After a scoreless first period, Murray Oliver opened the scoring for the home side at 5:37 of the second. Kent Douglas of Toronto tied it up about 10 minutes later.
Tommy Williams of the Bruins gave them the lead they would not surrender just over five minutes into the final frame. With just more than two minutes left in the game, Ron Stewart added an insurance goal to make the final 3-1 for Boston.
Toronto coach Punch Imlach used a novel approach with his goaltenders in this one. He alternated goalies Johnny Bower and Terry Sawchuk every five minutes. The tactic appeared to have no detrimental effect on their play. In fact, they were the only Toronto players to earn any praise from Imlach.
Boston’s first-year goalie Bernie Parent was the star for Boston. He stopped 37 of 38 Toronto drives and was solid throughout.
Bassen Lifts Wings
Backup goalie Hank Bassen came up big for the Detroit Red Wings in their victory over the New York Rangers at the Olympia. Bassen stopped 26 of 29 Ranger drives, including 12 in the final 20 minutes when the Rangers tried to take the game from the Wings.
Detroit’s Gordie Howe celebrated his 38th birthday by setting up two goals for the Wings. Alex Delvecchio and Norm Ullman each reached the 30-goal mark as well.
Detroit started quickly as Ab McDonald gave them a 1-0 lead after only 21 seconds of play. Rangers came back before the end of the first period to tie it up on a goal by Billy Hicke.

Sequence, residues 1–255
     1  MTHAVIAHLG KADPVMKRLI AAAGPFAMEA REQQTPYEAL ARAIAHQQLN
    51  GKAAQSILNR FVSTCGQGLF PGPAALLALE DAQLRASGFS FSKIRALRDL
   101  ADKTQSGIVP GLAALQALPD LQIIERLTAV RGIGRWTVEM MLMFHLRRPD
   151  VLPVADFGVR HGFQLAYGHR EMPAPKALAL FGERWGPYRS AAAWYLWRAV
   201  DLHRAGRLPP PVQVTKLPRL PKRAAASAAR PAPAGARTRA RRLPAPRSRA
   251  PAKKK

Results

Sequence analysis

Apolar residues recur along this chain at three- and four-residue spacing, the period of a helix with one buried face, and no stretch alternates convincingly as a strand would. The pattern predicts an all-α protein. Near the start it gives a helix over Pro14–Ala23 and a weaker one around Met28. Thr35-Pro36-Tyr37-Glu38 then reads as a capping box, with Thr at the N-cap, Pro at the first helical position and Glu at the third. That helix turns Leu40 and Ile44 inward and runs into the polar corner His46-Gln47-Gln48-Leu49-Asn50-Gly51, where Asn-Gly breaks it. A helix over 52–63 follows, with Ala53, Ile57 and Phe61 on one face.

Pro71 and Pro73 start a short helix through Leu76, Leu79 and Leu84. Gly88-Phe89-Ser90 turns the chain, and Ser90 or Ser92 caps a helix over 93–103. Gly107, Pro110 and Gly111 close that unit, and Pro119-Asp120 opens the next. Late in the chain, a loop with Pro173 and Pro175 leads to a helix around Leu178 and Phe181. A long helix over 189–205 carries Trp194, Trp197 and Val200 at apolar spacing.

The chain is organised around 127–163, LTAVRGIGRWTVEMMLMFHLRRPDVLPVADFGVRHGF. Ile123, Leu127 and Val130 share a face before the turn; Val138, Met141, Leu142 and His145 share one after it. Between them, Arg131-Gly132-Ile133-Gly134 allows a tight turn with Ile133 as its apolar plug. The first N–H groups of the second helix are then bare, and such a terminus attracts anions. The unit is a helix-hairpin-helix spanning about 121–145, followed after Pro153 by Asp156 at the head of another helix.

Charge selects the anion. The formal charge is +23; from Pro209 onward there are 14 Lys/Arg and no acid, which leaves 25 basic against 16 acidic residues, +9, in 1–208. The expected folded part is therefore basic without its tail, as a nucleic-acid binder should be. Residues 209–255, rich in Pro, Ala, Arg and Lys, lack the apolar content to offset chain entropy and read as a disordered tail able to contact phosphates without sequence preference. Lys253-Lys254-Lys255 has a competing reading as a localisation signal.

The teams each scored twice in the second stanza. Delvecchio put the Wings up 2-1 before Phil Goyette and Bob Nevin enabled New York to surge in front 3-2. Delvecchio then tied it with his 31st of the season with 20 seconds left in the period.
Bruce MacGregor popped in the winner at 8:27 of the third. Norm Ullman added Detroit’s fifth of the game with about 1:44 left on the clock.
Veteran defenseman Bill Gadsby may have given Red Wing fans a glimpse of the future. Out of the lineup with an injury, Gadsby took over behind the bench for Detroit while manager-coach Sid Abel viewed the match from high in the stands. There has been much speculation that Gadsby is in line to take over the Wings’ coaching reins next season.
The Rangers’ loss dropped them into a fifth-place tie with Boston.
Kitchener Rangers Force Eighth Game